Tips for slowing/stopping downhill on dirt/gravel

Discussion in 'The Perfect Line and Other Riding Myths' started by CafeRacer99, Jun 11, 2012.

  1. CafeRacer99

    CafeRacer99 Been here awhile

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    What are your tips for riding downhill on gravel? The scenario is a big bike, Super Ten in my case but any big bike, going down a fairly steep switchback gravel road with some six-inch loose rock thrown in as well.

    Are you on the front brake as well as the back? Are you using engine braking or no? How about when you have to come to a full stop to wait for traffic going uphill? ABS?

    Thanks!
    #1
  2. High Country Herb

    High Country Herb Adventure Connoiseur

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    I'd be curious to hear what the experts have to say, too.

    My technique is to use mostly engine breaking and rear brake, and feather the front brake when traction feels good. If the rear is breaking loose, I let off the front brake completely to avoid having both tires sliding at the same time.

    No ABS for me.
    #2
  3. GoGoGavin41

    GoGoGavin41 Sokath, his eyes opened!

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    Use your brakes, especially if you have abs.
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  4. Offcamber

    Offcamber Long timer

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    This is my daily commute...my driveway is long, steep and gravel.

    I use engine braking and rear brake primarily with just a touch of front brake if needed. Be careful when down shifting, first gear will lock the tire up, at least on my bike. This can be avoided with clutch control.

    If emergency braking then use as much front as you can without washing out locking/ front wheel..You just have to feel where that point is....practice helps.

    This is my method YMMV
    #4
  5. Ronin ADV

    Ronin ADV Gear addict

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    ABS? That has not been my experience at all. Steep loose downhill with the ABS turned on, at least on my F800GS = no brakes.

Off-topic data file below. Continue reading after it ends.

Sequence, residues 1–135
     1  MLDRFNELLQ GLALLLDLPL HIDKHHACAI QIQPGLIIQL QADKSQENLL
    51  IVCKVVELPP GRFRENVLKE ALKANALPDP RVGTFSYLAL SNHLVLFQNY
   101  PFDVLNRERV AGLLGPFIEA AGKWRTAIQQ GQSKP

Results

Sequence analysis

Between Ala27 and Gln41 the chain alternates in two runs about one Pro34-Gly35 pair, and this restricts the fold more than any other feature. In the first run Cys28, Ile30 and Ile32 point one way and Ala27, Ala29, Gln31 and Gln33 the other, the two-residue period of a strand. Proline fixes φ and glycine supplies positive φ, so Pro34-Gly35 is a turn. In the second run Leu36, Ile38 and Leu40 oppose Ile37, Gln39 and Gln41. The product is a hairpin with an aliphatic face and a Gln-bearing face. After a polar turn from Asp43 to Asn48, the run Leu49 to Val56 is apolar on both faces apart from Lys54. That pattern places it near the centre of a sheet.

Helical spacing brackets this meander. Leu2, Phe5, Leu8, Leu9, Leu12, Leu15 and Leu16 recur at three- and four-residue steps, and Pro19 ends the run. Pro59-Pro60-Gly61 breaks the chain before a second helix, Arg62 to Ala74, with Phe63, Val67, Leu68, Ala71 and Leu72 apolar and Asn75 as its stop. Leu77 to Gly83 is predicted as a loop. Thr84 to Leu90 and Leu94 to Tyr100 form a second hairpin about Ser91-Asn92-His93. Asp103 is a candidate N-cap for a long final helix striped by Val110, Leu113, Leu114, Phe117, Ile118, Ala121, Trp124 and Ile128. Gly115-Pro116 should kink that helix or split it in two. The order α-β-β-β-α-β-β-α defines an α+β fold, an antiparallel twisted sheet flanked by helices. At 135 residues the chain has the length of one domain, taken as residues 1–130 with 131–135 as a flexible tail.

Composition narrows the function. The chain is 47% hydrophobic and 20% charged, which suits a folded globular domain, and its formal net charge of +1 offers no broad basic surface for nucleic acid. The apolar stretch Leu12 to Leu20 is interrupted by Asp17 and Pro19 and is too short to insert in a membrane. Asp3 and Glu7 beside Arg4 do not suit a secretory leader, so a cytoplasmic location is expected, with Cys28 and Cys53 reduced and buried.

I much prefer engine braking, then a gentle combo of front and back brakes with no ABS.
    #5
  6. tedder

    tedder irregular

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    Is this your first bike? First offroad?

    In any case, when headed downhill, use both brakes. Hopefully the ABS won't intervene too much, and likewise hopefully you don't skid the front too much. But your rear brake won't have much stopping power as most of the weight is on the front in that situation.

    Engine braking is questionable at best. It's harder to modulate, and I'm not sure if the S10 has traction control (think of TC as ABS for the engine).

    When you come to a full stop, use your brakes.
    #6
  7. viverrid

    viverrid not dead yet

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    The front brake still has most of the stopping power. ESPECIALLY on a steep downhill where they will be even less weight than usual on the rear tire..

    In really loose stuff, a lot of the stopping can come from "plowing" up a pile of the loose material ahead of a briefly locked or "partially locked" (yeah, oxymoron) tire. Unfortunately ABS often won't allow this and will release the braking, leaving you with a "no brakes" feeling. This is why many experienced riders prefer to turn off ABS for loose conditions.

    If you want to stop most effectively in loose downhill conditions, use the brakes. If you have sufficiently planned ahead so as not to need maximum effectiveness, then engine braking and rear braking could be enough and will require less attention to the front. Your choice. Going too fast into a steep loose downhill so that you need to save it before you crash into oncoming traffic is like overcooking a corner entry. The better approach is to not be in that situation to begin with.
    #7
  8. randyo

    randyo Long timer

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    I agree with everything 100%

    same advice for snow & ice
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  9. Aussijussi

    Aussijussi Long timer